If you're looking for the Minnesota Organization on Fetal Alcohol Syndrome (MOFAS) you have come to the right place. We have some exciting news about our organization. We have a new name! MOFAS has officially been renamed Proof Alliance. Our mission remains the same: to prevent prenatal alcohol exposure and to improve the quality of life for people living with fetal alcohol spectrum disorders (FASD).
We now have the proof that prenatal alcohol exposure is a leading cause of brain injury in children. We have the proof that FASD is 100% preventable and people living with an FASD can reach 100% of their potential.
We seek to build powerful alliances with people with an FASD, their families, legislators, experts in the field, new partners, and community members to bring awareness, research, and services to this field.
Proof Alliance is rebranding, expanding, and we're moving! We have a new logo, website, and prevention campaign to help change the norms around drinking during pregnancy. And in May 2019 we will be moving to a stand-alone building. Proof Alliance commits to the people of Minnesota and we will continue to develop transformative programs to help Minnesotans impacted by FASD.
Originally posted on Minnesota Daily
By: Olivia Johnson
January 20, 2016
This event was made possible by a MOFAS FASD Prevention Grant.
In the heart of Cedar-Riverside, an inaugural fair disseminated health information from neighbor to neighbor.
Inside a fire station under the shadow of the Riverside Plaza apartments, Twin Cities organizations targeted health issues — including autism and immunization — of specific interest to the West Bank community.
The first-ever Cedar Riverside Health Fair, held on Monday afternoon, also highlighted fetal alcohol syndrome, breast and cervical cancer awareness, and juvenile mental health.
“I hope [the health fair] brings more awareness to people accessing health,” said Desmond Grady, a Neighborhood HealthSource representative who shared information about immunizations, counseling and basic health care at the event. “We have these services. We want people to access them.”
Eleven local organizations provided information about their services and answered questions. The health fair also featured breakout sessions, spoken-word performances by Teen Voice and Sisco, a one-person play by Ifrah Mansour, and performances by the Brian Coyle Drama Club.
Addie Gorlin, a producer in residence at Mixed Blood Theatre, said she partnered with Southside Community Health Services to start organizing the event about a year ago.
She said the unorthodox inclusion of theatrical performance at the health event was meant to open up to the community to topics like women’s health, basic CPR and youth issues such as autism, attention deficit hyperactivity disorder, immunization, depression and anxiety.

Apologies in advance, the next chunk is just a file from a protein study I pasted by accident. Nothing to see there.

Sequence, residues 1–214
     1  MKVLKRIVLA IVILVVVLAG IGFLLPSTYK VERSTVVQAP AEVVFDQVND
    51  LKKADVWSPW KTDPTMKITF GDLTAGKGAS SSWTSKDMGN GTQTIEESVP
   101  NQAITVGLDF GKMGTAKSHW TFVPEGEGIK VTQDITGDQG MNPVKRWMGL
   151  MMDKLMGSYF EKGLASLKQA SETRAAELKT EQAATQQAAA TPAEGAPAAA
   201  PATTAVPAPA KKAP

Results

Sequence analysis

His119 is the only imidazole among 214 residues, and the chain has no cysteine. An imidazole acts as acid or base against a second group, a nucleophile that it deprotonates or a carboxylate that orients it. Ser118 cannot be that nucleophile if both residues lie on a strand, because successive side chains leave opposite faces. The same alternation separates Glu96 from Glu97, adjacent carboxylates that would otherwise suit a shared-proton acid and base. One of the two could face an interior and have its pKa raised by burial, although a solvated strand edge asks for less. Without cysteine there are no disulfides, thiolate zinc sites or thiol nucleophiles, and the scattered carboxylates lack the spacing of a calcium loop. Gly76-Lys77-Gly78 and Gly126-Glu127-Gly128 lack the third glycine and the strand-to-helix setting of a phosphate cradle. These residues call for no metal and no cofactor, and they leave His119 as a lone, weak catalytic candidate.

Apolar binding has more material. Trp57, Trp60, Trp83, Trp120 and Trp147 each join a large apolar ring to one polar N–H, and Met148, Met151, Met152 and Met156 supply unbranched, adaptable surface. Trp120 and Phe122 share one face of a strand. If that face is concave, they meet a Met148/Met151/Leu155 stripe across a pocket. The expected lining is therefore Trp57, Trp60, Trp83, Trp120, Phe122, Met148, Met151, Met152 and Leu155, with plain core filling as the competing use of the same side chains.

“We just kind of went from there to think how we could come together and provide health care, health info and education within the East African community,” said Monisha Washington, who works for Q Health Connections.
Washington said she helped shape the fair’s informational elements, gearing them toward existing health concerns in Cedar-Riverside.
For example, Washington said, many of the neighborhood’s residents are East African and hold religious beliefs that prohibit alcohol consumption.
“Fetal alcohol syndrome is a big [issue],” she said. “Some things aren’t talked about within the community, and if it’s your belief system not to drink alcohol, then you may not step forward and say, ‘Well I did, and my kid may have these symptoms.’ ”
To address the dangers of drinking while pregnant, coordinator Paige Robson, firstname.lastname@example.org, tabled at the event to spread information on Minnesota Organization on Fetal Alcohol Syndrome’s prevention and support services.
Q Health Connections’ 37-foot mobile unit, which provides health care to communities around the state, also made an appearance at the fair, alongside chiropractor services and blood type and pressure screenings.
“Our hope is to be a revolving door in the Cedar-Riverside neighborhood,” Gorlin said. “That means that we want to welcome people in, and we also want to make sure that we are going out into the community.”
MOFAS has many FASD Prevention Grantees, including Southside Community Health Services, that have community events all over Minnesota. These events focus on spreading awareness on the dangers of drinking alcohol during pregnancy. Find upcoming events near you.